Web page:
History on WHEELS

The railway museum tucked away in Mysore is a surprising showcase of a rich legacy. We take you on a historical ride of the Indian Railways

Walking on the pavement, looking for a board that announces the Railway Museum, you tend to almost miss it. But the lush greenery on the other side of the road catches your eye and holds you in a grip.


The museum stands quietly at the corner of two roads, with a no-fuss gate. A steady stream of vehicles passes by at a pace that is perfectly in tune with Mysore’s laid back life. The ticket counter here is the most amusing space. Instead of a tiny window in which you thrust some bills and extricate the ticket, this one’s a repurposed guard van of an old goods train. This simplicity comes across as a breath of fresh air in comparison to other museums.


Once inside, the first thing that you spot is vintage locomotives and passenger coaches standing on bits of railway track, with narrow paved paths leading up to them. Start the tour with a narrow gauge E Class steam loco bearing the badge number 119 E. It is remarkably well-preserved. With its small size and gleaming paint, it looks like a newly-painted toy. The builder’s plate reveals that this loco is a 116 years old and was manufactured by W.G. Bagnall Ltd. in Strafford, England. The same company supplied several steam locos to the many private railway companies in India until the early 20th century, including a few to the Kolar Gold Fields.

Walk over to a narrow gauge coach that initially belonged to the Mysore State Railway, but was subsequently taken over by Southern Railway after the railways were nationalised. Built in 1927, this coach has a body made of thick plyboard. The coach has dim interiors and hard wooden benches arranged parallel to the tracks, different from the seating arrangement of today. Climbing down from the coach, move to a meter gauge steam loco marked ‘37338 TS’, another product of W.G. Bagnall. Built in 1932, it pulled coaches for the Mysore State Railways for many years before being discontinued. The most striking feature of this loco is not any of its manufactured parts, but the three lines of sacred ash on its forehead. Steam loco drivers and yard keepers of the railways were known to be intensely fond of their ‘wards’. They would give them pet names, wash them thoroughly every day, perform puja for their wellbeing and even mark their foreheads with the sacred ash.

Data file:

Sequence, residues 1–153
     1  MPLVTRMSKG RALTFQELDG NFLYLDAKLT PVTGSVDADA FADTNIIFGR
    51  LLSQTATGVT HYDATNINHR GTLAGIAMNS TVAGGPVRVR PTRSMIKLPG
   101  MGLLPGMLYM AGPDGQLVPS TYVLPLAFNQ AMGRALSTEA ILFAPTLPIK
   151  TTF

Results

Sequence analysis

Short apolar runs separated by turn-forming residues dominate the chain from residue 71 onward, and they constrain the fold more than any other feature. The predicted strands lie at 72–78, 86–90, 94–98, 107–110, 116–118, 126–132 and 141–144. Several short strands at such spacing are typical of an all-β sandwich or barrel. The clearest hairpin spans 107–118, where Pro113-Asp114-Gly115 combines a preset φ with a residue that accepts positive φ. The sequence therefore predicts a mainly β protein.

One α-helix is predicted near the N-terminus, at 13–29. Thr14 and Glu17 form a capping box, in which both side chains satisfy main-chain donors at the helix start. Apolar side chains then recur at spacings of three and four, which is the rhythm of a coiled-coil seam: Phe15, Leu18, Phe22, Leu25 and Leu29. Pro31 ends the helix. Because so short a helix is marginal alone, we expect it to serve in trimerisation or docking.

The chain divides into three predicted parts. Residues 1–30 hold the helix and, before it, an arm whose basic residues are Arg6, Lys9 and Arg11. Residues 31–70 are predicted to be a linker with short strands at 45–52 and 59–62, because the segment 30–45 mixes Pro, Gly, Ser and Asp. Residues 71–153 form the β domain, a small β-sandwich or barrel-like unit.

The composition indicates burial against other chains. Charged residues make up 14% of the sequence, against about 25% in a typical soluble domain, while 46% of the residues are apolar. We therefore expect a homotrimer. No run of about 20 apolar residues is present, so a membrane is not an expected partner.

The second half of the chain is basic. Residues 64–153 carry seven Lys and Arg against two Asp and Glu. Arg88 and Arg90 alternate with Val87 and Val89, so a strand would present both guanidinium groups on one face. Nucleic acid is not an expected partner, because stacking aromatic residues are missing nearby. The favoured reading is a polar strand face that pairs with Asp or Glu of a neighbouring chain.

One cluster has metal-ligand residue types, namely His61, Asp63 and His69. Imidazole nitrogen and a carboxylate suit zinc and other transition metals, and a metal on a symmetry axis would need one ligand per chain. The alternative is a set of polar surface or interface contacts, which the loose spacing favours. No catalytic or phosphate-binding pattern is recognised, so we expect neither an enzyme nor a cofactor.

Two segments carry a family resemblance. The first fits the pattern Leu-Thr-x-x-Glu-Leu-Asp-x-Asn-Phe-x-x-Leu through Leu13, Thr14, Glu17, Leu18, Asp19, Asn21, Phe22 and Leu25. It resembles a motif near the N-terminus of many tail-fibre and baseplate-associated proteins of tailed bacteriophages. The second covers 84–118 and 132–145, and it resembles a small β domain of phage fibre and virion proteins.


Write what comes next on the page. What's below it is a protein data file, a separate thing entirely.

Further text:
Next up is the Chamundi Gallery, which showcases the history and evolution of locomotives. The mesmeric black and white photos of vintage locomotives streaking through different landscapes, the steam billowing proudly from their chimneys is a capturing sight. There are photos of certain key moments in railway history too. This gallery is sure to warm the cockles of avid photographers.


Moving on, spend some time at the section dedicated to signals. Did you know that the earliest signaling mechanism for trains involved a man on horseback riding ahead of the train, carrying a flag? Then came the ball signal, the fingerpost signal and a long line of other mechanisms before the current sensorbased electronic system was adopted.